In 1870-72, John Marius Wilson's Imperial Gazetteer of England and Wales described Helmdon like this:
HELMDON, a village and a parish in Brackley district, Northampton. The village stands near one of the sources of the river Tove, 4½ miles N of Brackley r. station; is on the line of a new branch of the Northwestern railway; and has a post office under Brackley. The parish comprises 3, 560 acres. Real property, £3,452. Pop., 602. Houses, 53. The property is much subdivided. The manor belongs to Worcester College, Oxford. An excellent building stone, known as Helmdon stone, was long extensively quarried, but is now in only local request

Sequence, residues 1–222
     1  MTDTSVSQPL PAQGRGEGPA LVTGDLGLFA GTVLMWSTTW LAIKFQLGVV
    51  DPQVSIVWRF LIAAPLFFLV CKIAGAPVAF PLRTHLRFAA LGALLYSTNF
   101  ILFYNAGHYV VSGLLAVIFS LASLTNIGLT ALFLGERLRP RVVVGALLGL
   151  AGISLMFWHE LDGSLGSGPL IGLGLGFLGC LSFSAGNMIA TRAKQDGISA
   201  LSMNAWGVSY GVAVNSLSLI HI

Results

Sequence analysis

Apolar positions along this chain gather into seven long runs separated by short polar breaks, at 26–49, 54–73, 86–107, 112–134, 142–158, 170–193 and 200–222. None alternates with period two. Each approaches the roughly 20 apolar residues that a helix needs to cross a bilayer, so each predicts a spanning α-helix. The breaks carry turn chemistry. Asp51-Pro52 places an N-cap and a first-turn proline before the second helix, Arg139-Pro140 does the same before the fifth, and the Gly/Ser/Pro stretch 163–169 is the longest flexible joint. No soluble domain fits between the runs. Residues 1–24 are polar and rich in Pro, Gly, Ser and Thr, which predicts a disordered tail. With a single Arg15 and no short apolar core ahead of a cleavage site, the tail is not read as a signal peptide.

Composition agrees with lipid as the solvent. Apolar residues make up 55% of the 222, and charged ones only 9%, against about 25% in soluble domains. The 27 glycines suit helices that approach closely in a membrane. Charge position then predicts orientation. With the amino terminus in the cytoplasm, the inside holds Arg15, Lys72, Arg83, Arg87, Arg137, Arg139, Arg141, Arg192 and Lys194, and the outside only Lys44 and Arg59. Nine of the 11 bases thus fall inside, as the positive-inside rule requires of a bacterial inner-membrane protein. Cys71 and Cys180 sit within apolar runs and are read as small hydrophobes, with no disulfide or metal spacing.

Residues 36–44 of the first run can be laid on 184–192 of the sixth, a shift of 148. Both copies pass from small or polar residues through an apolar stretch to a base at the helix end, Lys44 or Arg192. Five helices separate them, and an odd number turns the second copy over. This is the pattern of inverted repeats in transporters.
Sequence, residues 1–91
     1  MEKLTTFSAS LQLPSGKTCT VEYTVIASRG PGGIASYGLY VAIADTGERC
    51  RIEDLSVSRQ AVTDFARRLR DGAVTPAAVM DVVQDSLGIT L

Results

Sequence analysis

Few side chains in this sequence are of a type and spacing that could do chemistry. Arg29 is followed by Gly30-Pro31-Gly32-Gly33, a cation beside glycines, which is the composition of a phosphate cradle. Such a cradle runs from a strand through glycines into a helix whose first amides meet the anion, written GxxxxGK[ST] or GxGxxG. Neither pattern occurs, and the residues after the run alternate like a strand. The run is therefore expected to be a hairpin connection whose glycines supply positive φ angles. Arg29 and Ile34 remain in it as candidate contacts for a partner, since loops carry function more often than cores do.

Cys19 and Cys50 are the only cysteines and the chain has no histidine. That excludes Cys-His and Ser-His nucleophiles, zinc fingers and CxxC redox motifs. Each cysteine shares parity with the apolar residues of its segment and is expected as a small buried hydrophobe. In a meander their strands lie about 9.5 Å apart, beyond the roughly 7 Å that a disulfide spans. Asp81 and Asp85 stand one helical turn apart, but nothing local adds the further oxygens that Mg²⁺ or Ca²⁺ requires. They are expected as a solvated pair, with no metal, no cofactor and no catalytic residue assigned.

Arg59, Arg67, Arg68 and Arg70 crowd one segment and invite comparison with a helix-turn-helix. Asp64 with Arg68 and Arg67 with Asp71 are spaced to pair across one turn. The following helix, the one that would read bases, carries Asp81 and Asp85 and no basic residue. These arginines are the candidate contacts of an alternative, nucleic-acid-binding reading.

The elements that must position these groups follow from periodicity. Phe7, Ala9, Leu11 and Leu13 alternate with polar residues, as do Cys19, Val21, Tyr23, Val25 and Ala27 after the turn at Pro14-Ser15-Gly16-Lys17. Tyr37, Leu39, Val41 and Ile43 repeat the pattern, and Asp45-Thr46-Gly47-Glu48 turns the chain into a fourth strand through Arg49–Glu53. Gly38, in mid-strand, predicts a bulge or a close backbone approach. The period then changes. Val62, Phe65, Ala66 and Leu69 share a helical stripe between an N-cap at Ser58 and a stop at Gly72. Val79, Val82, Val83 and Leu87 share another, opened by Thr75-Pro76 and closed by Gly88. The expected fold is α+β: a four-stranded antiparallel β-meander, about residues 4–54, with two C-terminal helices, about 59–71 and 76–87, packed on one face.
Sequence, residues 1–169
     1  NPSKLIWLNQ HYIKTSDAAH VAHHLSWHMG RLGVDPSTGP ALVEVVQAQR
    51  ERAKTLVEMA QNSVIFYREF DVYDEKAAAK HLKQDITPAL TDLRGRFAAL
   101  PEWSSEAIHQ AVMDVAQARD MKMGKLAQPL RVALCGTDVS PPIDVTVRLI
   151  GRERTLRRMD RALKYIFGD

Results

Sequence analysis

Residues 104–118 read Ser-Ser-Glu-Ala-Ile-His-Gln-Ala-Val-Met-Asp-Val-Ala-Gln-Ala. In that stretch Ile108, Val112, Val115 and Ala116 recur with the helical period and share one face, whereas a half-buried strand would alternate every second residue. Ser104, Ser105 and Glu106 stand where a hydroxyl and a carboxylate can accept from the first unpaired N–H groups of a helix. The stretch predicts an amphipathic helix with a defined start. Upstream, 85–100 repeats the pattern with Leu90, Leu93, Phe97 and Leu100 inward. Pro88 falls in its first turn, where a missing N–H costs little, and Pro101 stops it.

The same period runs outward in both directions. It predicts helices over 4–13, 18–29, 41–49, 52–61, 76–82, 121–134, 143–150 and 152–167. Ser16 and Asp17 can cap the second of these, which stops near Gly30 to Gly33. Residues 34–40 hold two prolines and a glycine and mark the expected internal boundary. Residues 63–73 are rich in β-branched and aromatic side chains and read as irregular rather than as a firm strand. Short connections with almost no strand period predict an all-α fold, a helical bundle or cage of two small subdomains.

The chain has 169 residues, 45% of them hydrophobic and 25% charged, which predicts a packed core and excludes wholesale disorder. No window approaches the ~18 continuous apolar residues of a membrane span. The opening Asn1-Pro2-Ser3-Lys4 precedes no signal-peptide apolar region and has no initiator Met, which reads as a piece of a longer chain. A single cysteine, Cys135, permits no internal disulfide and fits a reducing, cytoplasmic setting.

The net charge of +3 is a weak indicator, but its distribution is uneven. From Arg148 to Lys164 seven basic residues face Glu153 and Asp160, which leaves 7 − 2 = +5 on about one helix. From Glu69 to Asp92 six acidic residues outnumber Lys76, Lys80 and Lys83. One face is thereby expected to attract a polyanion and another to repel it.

Lace making is considerably carried on. The living is a rectory in the diocese of Peterborough. Value, £267.* Patron, Corpus Christi College, Oxford. The church is decorated English; consists of nave, aisles, and chancel, with a pinnacled tower rebuilt in 1823; and contains a piscina and sedilia. A very large yew tree is in the churchyard. A date on a beam in the parsonage, removed from a previous parsonage, looks to be 1133, but is understood to be 1533, and gave rise to a discussion as to the earliest use of Arabic figures in England. There are a Baptist chapel and a national school.